Hantavirus-specific IgA in saliva and viral antigen in the parotid gland in patients with hemorrhagic fever with renal syndrome
2011 (English)In: Journal of Medical Virology, ISSN 0146-6615, E-ISSN 1096-9071, Vol. 83, no 5, 864-870 p.Article in journal (Refereed) Published
The Hantavirus genus comprises rodent borne, zoonotic viruses of the Bunyaviridae family that cause hemorrhagic fever with renal syndrome (HFRS) in Eurasia and hantavirus cardiopulmonary syndrome (HCPS) in the Americas. Rodent saliva contains infectious hantavirus and evidence suggests that hantavirus is also shed in human saliva, but person-to-person transmission is rare. In saliva, immunoglobulin (Ig) A is the predominant immunoglobulin class. Secretory IgA serves as an important first line of defence on epithelial surfaces and the binding of secretory IgA to pathogens can inhibit adherence of microorganisms to mucosal cells and neutralize viruses. This study investigated the presence and importance of salivary IgA in relation to viral antigen in the saliva by testing Puumala hantavirus (PUUV) specific IgA, and RNA in saliva in acutely ill patients with HFRS. In saliva samples, PUUV specific IgA was detected in 12 of 33 (36%) patients with HFRS and 20 (61%) were PUUV RNA positive. There was a statistically significant inverse association between the presence of salivary IgA antibodies and PUUV RNA in the saliva. PUUV-specific IgA in saliva was not found in a long-term follow-up, while PUUV IgA in serum was detected in three patients, 28-32 months after the initial study. Notably, both PUUV RNA and PUUV nucleocapsid antigen were detected in endothelial cells within the parotid gland of a deceased patient with HFRS. J. Med. Virol. 83:864-870, 2011. © 2011 Wiley-Liss, Inc.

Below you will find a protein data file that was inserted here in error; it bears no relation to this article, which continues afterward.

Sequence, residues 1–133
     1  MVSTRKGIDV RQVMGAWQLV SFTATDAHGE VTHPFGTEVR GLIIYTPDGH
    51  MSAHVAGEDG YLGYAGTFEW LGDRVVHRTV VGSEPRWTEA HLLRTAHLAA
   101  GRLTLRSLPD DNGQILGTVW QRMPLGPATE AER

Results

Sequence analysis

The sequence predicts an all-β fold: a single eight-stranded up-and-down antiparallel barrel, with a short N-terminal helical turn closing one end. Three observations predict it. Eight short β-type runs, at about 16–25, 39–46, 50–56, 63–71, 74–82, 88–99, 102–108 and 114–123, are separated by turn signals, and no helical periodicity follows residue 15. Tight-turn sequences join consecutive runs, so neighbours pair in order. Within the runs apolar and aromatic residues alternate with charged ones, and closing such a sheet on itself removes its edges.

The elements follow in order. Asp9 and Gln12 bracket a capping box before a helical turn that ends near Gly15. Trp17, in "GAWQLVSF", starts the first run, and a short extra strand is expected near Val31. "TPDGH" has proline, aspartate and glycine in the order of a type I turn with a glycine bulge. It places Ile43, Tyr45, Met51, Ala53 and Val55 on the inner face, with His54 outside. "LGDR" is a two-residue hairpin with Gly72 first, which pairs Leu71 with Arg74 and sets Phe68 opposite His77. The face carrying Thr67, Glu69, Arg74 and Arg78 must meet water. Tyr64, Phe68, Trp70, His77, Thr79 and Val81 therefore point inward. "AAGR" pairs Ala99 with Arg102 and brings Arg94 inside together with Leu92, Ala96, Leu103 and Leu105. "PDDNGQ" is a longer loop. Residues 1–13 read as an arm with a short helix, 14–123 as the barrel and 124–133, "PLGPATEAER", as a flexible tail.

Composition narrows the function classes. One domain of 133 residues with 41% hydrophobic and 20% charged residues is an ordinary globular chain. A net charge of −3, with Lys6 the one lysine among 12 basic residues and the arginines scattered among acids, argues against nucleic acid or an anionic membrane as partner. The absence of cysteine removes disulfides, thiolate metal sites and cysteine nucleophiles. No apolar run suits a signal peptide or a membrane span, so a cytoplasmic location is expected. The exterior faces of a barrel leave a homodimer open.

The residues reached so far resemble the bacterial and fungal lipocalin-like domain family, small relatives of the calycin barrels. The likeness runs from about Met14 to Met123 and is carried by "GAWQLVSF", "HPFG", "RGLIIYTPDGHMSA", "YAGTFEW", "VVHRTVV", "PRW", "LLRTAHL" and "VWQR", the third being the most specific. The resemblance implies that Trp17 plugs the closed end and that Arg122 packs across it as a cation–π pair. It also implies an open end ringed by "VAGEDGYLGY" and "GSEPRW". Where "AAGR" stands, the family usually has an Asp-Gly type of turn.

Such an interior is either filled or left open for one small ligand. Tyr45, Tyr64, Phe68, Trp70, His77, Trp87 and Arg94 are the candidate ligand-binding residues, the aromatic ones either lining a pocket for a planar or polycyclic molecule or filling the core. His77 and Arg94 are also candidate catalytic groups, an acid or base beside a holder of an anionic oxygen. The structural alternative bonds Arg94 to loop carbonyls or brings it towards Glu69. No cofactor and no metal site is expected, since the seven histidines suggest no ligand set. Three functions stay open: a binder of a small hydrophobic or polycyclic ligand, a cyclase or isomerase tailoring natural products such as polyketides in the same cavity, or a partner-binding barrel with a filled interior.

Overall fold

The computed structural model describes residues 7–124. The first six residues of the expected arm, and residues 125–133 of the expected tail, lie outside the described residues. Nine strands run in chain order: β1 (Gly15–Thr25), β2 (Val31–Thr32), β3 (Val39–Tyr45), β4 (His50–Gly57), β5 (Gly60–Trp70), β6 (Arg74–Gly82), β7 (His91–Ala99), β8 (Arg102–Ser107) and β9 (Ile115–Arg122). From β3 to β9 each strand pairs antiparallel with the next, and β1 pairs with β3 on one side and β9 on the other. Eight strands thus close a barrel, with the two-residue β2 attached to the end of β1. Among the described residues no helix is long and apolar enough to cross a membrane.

Place, publisher, year, edition, pages
2011. Vol. 83, no 5, 864-870 p.
IdentifiersURN: urn:nbn:se:umu:diva-41725DOI: 10.1002/jmv.22040PubMedID: 21360546OAI: oai:DiVA.org:umu-41725DiVA: diva2:407670